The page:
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Study Detects Drifter Drogue Loss and Produces More Accurate Surface Ocean Transport Data

DECEMBER 20, 2018

Scientists developed a two-stage algorithm that identified the status of drogues attached to ocean drifters deployed during the Lagrangian Submesoscale Experiment (LASER). The LASER field study was hampered by bad weather conditions resulting in 40% of drifters losing their drogues, which caused them to move differently than drifters with drogues. The first algorithm stage identified drifters as “drogued” or “undrogued” based on GPS transmission rates and average downwind velocity. The second stage determined the status of unclassified drifters by comparing their velocities to those of nearby classified drifters. The team validated the algorithm, found 94 – 100% accuracy, and used their analyses to produce two datasets that represented different upper-ocean transport processes (the upper 60 cm and the upper 5 cm), which can improve wind-based ocean modelling and oil spill response.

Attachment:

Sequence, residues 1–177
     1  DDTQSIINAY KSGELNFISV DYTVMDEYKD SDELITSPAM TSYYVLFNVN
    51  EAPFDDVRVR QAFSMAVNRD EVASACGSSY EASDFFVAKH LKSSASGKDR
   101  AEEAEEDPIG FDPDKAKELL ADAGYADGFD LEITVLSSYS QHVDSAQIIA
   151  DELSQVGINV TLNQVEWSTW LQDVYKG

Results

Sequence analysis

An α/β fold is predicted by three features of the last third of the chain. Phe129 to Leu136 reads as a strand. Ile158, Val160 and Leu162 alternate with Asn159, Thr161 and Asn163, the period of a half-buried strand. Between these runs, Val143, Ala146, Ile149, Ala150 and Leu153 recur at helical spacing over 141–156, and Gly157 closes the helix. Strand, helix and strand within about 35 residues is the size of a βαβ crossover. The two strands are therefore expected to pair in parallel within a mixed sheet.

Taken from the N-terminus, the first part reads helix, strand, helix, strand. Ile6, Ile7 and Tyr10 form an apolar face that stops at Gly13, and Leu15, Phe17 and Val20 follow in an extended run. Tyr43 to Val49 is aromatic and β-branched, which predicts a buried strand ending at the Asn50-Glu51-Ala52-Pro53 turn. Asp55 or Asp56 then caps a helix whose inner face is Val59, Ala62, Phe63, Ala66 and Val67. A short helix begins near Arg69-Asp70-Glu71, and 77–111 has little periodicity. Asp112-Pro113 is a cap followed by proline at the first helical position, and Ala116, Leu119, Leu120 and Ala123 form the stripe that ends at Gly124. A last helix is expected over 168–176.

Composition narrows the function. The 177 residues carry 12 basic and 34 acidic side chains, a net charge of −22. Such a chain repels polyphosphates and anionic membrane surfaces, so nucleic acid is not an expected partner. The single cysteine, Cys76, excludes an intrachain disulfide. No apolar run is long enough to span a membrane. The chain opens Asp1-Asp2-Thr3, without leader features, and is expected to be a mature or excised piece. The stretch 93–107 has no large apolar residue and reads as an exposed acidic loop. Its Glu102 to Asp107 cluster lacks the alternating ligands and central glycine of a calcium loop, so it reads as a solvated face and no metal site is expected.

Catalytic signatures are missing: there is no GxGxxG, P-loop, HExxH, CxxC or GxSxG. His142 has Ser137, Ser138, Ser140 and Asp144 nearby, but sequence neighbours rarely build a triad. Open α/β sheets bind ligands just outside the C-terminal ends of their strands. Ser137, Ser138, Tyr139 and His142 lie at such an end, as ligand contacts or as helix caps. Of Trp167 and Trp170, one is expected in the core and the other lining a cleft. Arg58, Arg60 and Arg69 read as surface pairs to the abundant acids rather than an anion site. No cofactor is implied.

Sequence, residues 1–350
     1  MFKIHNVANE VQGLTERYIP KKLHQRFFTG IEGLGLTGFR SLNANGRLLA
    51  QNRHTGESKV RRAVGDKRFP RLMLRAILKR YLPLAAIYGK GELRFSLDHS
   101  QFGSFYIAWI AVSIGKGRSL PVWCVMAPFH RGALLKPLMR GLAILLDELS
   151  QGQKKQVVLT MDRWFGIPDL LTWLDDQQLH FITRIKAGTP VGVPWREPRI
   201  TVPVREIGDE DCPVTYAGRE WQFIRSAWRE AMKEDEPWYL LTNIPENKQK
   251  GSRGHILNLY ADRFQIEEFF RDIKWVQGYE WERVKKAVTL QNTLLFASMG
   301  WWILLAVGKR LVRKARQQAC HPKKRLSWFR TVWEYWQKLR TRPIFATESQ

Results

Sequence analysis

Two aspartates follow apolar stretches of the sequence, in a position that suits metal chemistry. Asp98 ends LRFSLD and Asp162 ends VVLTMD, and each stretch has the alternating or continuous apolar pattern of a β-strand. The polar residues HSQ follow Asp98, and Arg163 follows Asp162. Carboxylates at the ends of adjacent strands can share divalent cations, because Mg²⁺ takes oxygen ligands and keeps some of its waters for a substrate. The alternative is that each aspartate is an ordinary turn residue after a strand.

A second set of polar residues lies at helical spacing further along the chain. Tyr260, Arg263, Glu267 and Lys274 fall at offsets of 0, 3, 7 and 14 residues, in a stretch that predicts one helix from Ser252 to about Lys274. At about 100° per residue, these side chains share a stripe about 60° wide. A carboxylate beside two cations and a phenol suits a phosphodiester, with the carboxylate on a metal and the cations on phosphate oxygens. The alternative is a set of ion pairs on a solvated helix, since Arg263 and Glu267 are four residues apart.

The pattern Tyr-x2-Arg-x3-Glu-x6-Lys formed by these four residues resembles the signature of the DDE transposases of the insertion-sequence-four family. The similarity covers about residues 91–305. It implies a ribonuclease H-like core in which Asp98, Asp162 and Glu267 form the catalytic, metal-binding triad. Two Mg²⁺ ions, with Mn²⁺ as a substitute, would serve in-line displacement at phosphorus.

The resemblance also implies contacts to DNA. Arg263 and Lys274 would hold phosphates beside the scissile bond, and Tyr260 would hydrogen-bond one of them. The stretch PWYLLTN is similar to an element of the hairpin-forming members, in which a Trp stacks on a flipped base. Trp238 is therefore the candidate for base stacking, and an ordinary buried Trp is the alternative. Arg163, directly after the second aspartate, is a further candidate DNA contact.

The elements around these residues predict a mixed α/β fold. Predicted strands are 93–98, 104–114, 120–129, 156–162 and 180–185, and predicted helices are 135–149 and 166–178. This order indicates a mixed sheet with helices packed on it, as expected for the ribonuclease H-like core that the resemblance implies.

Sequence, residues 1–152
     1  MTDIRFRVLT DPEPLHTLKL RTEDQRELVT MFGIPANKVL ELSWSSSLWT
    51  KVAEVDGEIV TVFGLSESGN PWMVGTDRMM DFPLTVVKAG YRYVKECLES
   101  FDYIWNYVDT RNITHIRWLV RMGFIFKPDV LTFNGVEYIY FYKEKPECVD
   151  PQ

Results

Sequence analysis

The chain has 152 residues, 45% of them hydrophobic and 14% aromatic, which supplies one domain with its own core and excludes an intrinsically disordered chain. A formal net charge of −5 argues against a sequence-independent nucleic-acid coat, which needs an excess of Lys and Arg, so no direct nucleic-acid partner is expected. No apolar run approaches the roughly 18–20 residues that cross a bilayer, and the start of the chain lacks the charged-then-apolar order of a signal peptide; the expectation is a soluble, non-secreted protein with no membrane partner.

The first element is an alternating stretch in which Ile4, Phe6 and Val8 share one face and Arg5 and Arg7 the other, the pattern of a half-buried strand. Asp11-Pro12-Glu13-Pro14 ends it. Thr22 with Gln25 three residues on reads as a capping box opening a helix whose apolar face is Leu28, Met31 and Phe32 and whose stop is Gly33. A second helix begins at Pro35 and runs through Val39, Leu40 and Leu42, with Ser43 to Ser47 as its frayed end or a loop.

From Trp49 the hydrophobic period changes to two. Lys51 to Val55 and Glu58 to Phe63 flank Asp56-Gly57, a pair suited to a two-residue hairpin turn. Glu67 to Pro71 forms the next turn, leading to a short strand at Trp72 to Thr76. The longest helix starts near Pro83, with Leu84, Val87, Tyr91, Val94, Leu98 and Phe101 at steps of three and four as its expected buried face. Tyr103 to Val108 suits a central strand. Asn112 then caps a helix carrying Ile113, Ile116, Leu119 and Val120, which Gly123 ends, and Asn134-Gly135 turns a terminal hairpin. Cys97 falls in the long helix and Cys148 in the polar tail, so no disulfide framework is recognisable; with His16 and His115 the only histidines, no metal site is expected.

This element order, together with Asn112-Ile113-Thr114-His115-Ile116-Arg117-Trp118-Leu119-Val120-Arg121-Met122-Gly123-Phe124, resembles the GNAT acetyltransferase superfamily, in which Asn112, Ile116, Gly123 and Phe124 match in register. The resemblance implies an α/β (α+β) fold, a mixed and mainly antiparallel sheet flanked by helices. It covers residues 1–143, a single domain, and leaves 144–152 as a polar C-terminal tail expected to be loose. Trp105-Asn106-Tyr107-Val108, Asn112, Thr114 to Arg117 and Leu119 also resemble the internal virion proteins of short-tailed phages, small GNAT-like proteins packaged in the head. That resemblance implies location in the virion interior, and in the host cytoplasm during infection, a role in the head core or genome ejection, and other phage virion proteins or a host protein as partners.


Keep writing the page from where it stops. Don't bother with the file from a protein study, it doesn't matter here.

The researchers published their findings in the Journal of Atmospheric and Oceanic Technology: Drogue-loss detection for surface drifters during the Lagrangian Submesoscale Experiment (LASER).

Researchers deployed 1,000+ biodegradable drifters during LASER, each having a satellite-tracking surface floater that extended 5 cm below the surface and a drogue extending 60 cm below the surface. Strong storms and large waves associated with the 2016 El Niño event tended to flip drifters that had lost their drogues upside down (pointing the satellite antenna downward) and then flip them again (returning the antenna upward).

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